- Law Professor Says Trump Can Argue Attainder to Fight Off US House's Impeachment Inquiry
Law Professor Says Trump Can Argue Attainder To Fight Off US House's Impeachment Inquiry
The US House of Representatives is well aware it would fail in getting a judge to enforce the chamber's subpoenas related to the impeachment inquiry into US President Donald Trump and will resort to folding the administration's refusal to cooperate into articles of impeachment, but the US president can use the attainder argument to litigate and counter the Democrats' accusations, Victor Williams, a law professor who founded and chairs the "America First Lawyers Association: Lawyers and Law Professors for Trump," told Sputnik
On Tuesday, the White House announced that the Trump administration would not cooperate with the Democrats' impeachment inquiry. House of Representatives Speaker Nancy Pelosi then issued a statement warning that the administration's refusal to take part in the inquiry would be regarded as "further evidence of obstruction" and pledging that Trump would be "held accountable."
"Many commentators believe that the House will go to Federal court seeking to have a judge 'enforce' their subpoenas. I disagree. The House knows that the courts will ultimately not enforce such. The Administration's claim of executive and presidential immunity and lawyer-client privilege will win. While a rouge lower court judge (anti-Trump) might so rule, it will be appealed and SCOTUS [Supreme Court of the United States] will not," Williams said.
He also warned that such actions would take months or even years. "Rather, I predict the House will just claim 'obstruction' and quickly add that charge to the ultimate 'Article of Impeachment' they will not wait for court proceeding which they will ultimately lose," Williams said.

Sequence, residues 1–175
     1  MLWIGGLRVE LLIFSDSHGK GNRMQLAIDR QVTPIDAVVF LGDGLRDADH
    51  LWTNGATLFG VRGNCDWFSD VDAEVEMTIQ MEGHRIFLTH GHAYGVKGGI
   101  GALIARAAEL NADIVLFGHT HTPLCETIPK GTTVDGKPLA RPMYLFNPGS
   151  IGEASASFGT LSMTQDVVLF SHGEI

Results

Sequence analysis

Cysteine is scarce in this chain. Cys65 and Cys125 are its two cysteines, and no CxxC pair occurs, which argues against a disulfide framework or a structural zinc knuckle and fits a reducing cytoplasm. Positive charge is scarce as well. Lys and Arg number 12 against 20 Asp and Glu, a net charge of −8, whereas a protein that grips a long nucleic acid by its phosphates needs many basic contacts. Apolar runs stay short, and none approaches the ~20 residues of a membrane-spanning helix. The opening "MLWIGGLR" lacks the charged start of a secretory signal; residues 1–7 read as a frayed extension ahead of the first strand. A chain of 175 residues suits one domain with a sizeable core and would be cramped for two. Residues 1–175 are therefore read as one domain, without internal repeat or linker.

The professor went on to underline that the House of Representatives had "failed to constitutionally transform itself into the nation's 'Impeachment Grand Jury,'" therefore remaining a "mere legislature." He suggested that Trump should start litigation first arguing that actions of the Congress were an "attainder," a legal term which stands for a legislative punishment of an individual without a trial, by merely voting - something that, Williams stressed, the US Constitution "absolutely, textually" forbids.
"The Trump admin must 'argue attainder' in affirmative litigation President Trump should file lawsuits first against the House to make the attainder argument. He should argue attainder in federal court, in the House, and in the Senate," he said.
On September 24, congressional Democrats launched an impeachment inquiry into Trump's July 25 telephone call with Ukrainian President Volodymyr Zelenskyy. The inquiry was initiated after a whistleblower sent a complaint to Congress, saying Trump pressed Zelenskyy to investigate possible corruption by 2020 Democratic presidential candidate Joe Biden and his son Hunter Biden as well as threatened withholding US military aid to Ukraine.
Trump denied the allegations calling them another attempt at a political witch hunt to reverse the outcome of the 2016 US presidential election, and published the transcript of the telephone call with Zelenskyy.